Quarterly Report: What I've Read Recently

Another three months have gone, and with it, summer. I miss it already. If you're curious about what I've been reading during the rest of 2014, check out my posts for January to March, and for April to June. I had an interesting quarter of reading, I think, this time around. A wide  variety of things: historical romances, non-fiction, young adult titles, and everything in between. Read on if you want to see what I read these past few months!

Storytime → Bugs


Activity: Finding nametags - I did this during my spring session as well, and I like it because it allows everyone to get to know one another and lets the kids get used to seeing their printed names. It becomes a little game at the beginning for everyone to settle in and find their name and learn their letters at the same time.

Opening Songs

Hands go Up! x2
Open Them, Shut Them x2

The Books

Book 1: I love bugs / Emma Dodd
Book 2: The very hungry caterpillar / Eric Carle

Extension Activities

Action Rhyme: Head and Shoulders [from childhood]
Head and shoulders, knees and toes,
Knees and toes, knees and toes.
Head and shoulders, knees and toes,
Eyes, ears, mouth and nose.

Song: The Ants Go Marching [from childhood]
The ants go marching one by one, hurrah! Hurrah!
The ants go marching one by one, hurrah! Hurrah!
The ants go marching one by one, the little one stops to suck his thumb,
And they all go marching down, to the ground, to get out of the rain.
[two/tie a shoe; three/climb a tree]

Song: If You're Happy and You Know It [from childhood]

Action Rhyme: Dance Your Fingers [Webster Library, NYPL YouTube]

Rhyme: Itsy Bitsy Spider [from childhood]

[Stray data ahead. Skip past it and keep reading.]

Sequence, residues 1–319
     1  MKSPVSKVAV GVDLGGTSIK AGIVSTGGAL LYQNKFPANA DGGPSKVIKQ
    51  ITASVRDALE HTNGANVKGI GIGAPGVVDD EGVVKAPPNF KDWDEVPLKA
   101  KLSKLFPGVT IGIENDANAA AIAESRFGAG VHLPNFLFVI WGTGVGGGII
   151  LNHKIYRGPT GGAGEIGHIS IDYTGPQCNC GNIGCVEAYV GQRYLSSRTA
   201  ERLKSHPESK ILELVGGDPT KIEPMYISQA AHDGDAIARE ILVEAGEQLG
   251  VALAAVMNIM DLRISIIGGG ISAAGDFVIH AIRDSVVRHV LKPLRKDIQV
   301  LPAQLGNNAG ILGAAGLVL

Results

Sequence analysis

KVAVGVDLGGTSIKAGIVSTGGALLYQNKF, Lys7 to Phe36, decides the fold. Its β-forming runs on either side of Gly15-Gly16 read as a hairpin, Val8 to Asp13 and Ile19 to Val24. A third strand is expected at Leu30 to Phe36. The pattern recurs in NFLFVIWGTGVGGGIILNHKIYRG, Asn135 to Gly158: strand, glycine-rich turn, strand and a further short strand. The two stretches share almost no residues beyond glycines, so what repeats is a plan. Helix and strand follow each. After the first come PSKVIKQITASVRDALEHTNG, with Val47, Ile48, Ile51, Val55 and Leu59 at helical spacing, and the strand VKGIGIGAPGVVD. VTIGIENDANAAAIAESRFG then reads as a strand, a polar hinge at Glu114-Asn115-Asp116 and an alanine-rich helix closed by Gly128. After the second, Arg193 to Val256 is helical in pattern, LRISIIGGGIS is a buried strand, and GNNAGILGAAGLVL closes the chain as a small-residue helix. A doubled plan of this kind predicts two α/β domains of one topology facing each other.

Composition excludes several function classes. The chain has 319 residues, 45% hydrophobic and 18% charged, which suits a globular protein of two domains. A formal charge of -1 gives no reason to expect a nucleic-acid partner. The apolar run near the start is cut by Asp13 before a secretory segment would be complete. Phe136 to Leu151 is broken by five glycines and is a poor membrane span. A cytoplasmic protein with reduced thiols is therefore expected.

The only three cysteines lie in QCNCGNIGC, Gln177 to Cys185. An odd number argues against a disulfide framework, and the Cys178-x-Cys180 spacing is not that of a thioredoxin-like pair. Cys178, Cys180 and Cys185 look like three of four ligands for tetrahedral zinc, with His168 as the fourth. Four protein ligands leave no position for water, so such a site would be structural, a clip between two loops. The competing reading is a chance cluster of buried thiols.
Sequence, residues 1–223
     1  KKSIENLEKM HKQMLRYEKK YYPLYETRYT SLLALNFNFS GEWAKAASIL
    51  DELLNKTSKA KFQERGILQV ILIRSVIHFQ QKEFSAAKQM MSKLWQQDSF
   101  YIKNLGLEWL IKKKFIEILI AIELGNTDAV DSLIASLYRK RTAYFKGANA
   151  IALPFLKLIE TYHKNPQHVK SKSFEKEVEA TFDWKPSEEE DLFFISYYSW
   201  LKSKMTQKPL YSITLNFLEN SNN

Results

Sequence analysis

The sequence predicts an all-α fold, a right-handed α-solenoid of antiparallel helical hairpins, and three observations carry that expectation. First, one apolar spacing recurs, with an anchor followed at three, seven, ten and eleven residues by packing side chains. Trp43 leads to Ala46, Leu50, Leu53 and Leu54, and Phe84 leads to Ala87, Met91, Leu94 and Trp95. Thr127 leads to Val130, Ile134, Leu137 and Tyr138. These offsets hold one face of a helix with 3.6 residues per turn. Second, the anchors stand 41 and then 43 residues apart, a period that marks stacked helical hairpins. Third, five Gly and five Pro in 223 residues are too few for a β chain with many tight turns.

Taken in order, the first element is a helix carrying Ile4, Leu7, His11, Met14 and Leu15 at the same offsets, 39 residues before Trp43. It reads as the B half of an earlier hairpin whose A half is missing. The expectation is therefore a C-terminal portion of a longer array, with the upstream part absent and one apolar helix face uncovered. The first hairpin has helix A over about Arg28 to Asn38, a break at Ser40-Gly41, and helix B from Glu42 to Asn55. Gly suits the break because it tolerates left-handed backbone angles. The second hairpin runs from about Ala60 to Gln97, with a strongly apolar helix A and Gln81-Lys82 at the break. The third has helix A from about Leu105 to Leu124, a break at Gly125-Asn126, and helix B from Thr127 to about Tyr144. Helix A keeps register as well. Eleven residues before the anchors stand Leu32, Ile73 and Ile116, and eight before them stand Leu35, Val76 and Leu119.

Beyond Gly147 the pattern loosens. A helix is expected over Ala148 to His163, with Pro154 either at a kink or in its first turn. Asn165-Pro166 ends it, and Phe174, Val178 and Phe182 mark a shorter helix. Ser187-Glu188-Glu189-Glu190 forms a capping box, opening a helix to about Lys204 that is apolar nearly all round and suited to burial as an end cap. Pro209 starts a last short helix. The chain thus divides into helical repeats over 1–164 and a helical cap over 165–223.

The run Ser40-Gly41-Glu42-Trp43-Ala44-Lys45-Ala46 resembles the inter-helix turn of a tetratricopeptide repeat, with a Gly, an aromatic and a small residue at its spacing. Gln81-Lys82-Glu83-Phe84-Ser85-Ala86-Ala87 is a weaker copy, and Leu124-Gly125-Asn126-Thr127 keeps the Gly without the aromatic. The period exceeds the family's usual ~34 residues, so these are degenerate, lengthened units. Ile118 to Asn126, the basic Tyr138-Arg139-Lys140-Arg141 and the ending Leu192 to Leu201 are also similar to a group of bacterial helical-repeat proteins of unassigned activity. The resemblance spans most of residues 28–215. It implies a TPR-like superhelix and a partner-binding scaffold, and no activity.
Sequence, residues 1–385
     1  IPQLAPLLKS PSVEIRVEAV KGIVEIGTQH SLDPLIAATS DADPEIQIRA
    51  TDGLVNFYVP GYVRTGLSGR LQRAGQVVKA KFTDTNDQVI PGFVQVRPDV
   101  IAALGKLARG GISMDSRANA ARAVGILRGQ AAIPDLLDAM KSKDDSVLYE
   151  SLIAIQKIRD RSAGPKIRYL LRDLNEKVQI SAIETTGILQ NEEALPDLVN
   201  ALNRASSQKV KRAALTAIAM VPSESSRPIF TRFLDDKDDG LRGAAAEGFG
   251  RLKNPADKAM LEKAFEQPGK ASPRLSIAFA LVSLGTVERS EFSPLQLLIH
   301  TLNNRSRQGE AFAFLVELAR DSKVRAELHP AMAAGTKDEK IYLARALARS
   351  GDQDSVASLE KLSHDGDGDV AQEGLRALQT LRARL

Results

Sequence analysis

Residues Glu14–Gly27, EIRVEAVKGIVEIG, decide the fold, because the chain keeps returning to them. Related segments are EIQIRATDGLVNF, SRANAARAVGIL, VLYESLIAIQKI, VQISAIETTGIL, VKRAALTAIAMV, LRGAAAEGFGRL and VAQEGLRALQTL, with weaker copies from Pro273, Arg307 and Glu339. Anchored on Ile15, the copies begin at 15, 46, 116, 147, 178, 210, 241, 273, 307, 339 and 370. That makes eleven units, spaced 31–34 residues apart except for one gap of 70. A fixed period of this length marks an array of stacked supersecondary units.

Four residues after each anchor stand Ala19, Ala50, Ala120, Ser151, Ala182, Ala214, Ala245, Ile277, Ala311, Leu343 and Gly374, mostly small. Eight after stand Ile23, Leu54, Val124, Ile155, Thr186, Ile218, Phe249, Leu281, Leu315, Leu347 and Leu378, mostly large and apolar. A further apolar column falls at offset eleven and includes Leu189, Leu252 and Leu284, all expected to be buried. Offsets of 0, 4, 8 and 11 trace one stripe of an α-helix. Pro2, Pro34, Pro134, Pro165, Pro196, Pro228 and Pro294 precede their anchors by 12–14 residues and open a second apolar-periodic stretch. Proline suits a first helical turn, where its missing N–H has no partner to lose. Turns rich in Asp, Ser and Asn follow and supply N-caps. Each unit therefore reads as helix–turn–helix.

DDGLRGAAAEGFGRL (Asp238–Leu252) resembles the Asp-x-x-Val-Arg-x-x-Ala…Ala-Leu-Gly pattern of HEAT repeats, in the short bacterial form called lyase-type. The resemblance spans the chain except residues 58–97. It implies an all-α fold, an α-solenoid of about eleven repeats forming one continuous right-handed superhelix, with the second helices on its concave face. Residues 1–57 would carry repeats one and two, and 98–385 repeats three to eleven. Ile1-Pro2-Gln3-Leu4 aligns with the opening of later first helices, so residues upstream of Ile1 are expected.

construction paper bee - inspired by this bumblebee craft, I thought it'd be good to have the craft focus on another type of insect that we didn't focus on within the actual storytime section.

Closing Song

The More We Get Together x2

How'd It Go?

It didn't. This was set to be the last session for my summer toddler storytime that never was. Hopefully, I'll be able to reuse it in the future.

Inspired by Artists IV: Jackson Pollock

For one month I'm leading an art series for children, wherein they can learn, experiment, and create art pieces just as the masters did. If you'd like to check out the rest of the series, see the links below:

For the final week of the series we covered Jackson Pollock, a great participant in the abstract expressionist movement of the mid-20th century. I think Pollock, like Picasso, is a great artist for children to learn about because of the basic name recognition that even non-artsy people have with him.

For this session, I wanted participants to learn about how an artist like Pollock moved and used his body to create artwork. I'll be honest, the idea of paint flying everywhere did get me pretty nervous about this session. Because of that, I tried to work in some alternative methods of creating abstract art that wouldn't have kids flinging paint with abandon. This meant incorporating dipped-string painting and paint-blowing (using a straw).

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